I said, "Oh, no. I don't think so, not gonna happen."
There was a pause, and he replied, "no mom, I'm serious."
For a brief moment, I felt sick to my stomach, turned to look at him, and yep, I could tell he was serious.
Plus he had the fool proof argument. He simply stated, "mom, I'm 20 now, and I can do what I want."
Half of me was scared to death at the thought of him crabbing in the Bering Sea in January. But the other half of me was proud that he wanted to take on this challenge, and learn for himself what the actual crab life/side of the business, actually entailed. Thus begins another season of change in the life of a family whose makes their living in the Alaskan waters.
Sean left Seattle on November 15, headed to Homer Alaska, where he met up with the Captain of the Jennifer A, Kjell. (The Jennifer A was moored in Homer after the summer tendering season.) The next day, the rest of the crew, Jose, Shawn, and Dylan flew in to Homer. Plans were to leave the next day to Dutch Harbor. But as always, there is more to do in town then there are hours for, when trying to leave the dock. Plus the weather conditions were calling for freezing spray until Sunday night. This crabby mama was glad they decided to wait out the weather at the dock!
One of the hazards of staying in town is you always find something you need...i.e.spending money.
But first a little history about Dutch Harbor. It's a deep water port that is part of the city of Unalaska, Alaska. Unalaska is the 12 largest city in Alaska, with a population of 4,500 people. The thing about being moored at Dutch is that things are spread out everywhere. Not having a vehicle can be a problem, if there is a bunch of running around to do, trying to get the boat ready to fish. A rental car can cost $1000 a week. The last vehicle we had up in Dutch, ended up dying a Fred Flinstone car death...the floor rotted out, and using your feet to push it along was an improvement on the way it ran. We've been looking for a good "Dutch" vehicle for a while now.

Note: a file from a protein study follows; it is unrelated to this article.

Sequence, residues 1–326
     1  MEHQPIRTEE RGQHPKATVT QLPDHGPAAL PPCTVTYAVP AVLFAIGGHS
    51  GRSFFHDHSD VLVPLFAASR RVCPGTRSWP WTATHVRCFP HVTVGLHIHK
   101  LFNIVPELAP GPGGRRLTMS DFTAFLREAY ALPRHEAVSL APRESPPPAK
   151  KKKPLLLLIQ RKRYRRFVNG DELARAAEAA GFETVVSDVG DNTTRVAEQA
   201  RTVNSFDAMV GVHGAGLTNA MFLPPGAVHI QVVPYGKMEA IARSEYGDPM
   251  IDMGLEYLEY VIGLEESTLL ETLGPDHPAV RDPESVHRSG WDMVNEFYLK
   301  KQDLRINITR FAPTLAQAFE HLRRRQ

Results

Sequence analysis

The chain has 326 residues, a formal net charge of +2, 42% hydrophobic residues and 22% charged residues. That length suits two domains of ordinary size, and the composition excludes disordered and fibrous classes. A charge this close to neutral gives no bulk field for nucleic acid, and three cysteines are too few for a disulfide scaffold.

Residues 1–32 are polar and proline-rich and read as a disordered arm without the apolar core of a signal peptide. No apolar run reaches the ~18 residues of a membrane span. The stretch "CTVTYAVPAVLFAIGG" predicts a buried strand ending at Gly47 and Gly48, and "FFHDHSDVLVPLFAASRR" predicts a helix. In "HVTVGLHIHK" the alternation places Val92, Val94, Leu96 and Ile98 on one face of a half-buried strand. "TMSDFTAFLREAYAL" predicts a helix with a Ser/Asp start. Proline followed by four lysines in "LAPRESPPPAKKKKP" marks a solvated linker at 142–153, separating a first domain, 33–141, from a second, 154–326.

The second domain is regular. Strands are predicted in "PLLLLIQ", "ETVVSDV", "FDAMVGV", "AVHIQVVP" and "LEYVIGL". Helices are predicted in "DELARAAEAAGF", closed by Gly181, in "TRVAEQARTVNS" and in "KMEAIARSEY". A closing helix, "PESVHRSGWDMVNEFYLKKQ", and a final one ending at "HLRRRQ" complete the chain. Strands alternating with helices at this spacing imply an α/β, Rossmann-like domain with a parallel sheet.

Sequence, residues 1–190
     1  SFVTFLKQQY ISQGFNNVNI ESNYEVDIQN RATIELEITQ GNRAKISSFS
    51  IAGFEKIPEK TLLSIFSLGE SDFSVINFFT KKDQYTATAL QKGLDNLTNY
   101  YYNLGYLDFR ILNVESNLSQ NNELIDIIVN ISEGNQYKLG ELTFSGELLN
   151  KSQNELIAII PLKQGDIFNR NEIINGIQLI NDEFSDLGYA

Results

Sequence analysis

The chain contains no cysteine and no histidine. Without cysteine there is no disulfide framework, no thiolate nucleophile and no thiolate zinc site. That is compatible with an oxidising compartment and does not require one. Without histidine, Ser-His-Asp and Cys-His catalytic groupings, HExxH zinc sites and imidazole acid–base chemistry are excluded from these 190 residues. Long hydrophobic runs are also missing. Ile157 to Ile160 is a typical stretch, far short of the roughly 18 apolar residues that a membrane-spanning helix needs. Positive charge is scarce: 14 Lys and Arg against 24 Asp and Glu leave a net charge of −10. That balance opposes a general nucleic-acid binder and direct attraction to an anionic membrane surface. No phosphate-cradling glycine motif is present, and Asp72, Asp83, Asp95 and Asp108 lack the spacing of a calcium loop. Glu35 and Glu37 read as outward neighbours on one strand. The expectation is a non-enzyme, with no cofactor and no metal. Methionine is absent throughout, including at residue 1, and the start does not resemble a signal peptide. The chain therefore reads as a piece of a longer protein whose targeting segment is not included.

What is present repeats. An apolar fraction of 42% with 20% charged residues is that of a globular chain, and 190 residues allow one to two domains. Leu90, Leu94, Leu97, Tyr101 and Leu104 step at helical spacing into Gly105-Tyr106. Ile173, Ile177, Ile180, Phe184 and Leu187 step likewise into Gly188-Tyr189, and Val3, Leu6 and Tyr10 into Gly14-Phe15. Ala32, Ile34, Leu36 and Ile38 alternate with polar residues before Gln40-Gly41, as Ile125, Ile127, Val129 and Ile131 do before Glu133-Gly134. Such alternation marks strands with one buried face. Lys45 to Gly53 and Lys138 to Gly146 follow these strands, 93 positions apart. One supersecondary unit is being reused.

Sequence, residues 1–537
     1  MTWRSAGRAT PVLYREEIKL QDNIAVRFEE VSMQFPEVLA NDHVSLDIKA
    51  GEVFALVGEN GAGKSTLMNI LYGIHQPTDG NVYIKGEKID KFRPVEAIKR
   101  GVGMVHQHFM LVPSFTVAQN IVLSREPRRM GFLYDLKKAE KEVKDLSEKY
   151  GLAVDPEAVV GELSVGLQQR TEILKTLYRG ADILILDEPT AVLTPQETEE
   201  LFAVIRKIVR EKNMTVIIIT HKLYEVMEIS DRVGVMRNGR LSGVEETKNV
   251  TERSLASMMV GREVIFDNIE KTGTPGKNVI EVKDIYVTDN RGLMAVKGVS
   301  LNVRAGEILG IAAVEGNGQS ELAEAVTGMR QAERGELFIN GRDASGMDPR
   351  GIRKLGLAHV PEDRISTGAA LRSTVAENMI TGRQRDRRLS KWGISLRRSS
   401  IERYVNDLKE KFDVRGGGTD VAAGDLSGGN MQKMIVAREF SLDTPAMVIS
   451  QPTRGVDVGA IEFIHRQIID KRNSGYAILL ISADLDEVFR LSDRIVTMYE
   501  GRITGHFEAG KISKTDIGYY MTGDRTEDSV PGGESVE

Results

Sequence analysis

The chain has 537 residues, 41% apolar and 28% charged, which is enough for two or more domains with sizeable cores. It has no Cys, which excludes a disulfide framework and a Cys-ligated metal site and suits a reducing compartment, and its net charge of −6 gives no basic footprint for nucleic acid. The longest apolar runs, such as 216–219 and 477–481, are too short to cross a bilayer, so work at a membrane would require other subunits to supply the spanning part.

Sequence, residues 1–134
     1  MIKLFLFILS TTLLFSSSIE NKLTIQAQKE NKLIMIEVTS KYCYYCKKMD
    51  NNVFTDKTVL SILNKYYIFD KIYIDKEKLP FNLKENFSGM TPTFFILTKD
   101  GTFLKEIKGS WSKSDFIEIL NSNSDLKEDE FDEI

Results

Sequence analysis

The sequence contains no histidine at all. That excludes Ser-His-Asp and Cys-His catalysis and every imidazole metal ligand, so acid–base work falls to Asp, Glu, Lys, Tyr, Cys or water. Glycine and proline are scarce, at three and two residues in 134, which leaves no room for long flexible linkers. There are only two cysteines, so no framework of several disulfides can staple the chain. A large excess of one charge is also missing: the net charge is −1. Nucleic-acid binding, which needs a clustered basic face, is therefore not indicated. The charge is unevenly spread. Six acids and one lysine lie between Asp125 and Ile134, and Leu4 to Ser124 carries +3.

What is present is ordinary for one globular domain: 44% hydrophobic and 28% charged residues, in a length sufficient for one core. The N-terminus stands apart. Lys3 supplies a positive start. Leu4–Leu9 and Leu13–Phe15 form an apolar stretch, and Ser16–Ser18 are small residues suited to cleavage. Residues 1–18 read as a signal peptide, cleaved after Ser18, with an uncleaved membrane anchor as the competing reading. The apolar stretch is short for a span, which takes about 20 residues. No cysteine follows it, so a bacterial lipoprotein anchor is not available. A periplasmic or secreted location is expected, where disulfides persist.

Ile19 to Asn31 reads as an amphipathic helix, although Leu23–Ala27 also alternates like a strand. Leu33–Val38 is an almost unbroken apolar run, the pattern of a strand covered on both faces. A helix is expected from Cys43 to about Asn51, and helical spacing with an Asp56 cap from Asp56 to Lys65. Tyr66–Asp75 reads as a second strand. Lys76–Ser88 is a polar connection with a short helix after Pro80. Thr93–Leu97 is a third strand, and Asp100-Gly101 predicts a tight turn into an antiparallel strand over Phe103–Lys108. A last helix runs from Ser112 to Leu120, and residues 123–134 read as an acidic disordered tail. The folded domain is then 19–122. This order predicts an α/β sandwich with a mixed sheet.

Well, guess what Sean and the boys found in Homer while waiting for weather...a Dutch Harbor truck. So now, you might be asking how are they going to get the truck to Dutch Harbor...by boat of course! The pictures below show Sean and the crew loading the truck on to the Jennifer A. (If you click on the image a caption will pop up, explaining what's what)
Sean says things are all loaded up and ready to go, and the weather is looking good, so the will head out of Homer tomorrow morning, with the next stop, Dutch Harbor. It should take about three days to travel there. They will be running at about 8 knots, which is just a little over 8.5 miles an hour...they be cruisin'!
My goal is to blog my way through my nerves as Sean heads his way up to the Bering Sea and fish crab in the Alaska winter. I'll blog a bit about what is going on here in Seattle and Brenna, Pat and I try to keep the paper side of our business going, and a bit about life with ALS.
Check out the pictures below and I'll report back with the journey to Dutch Harbor....please, no freezing spray.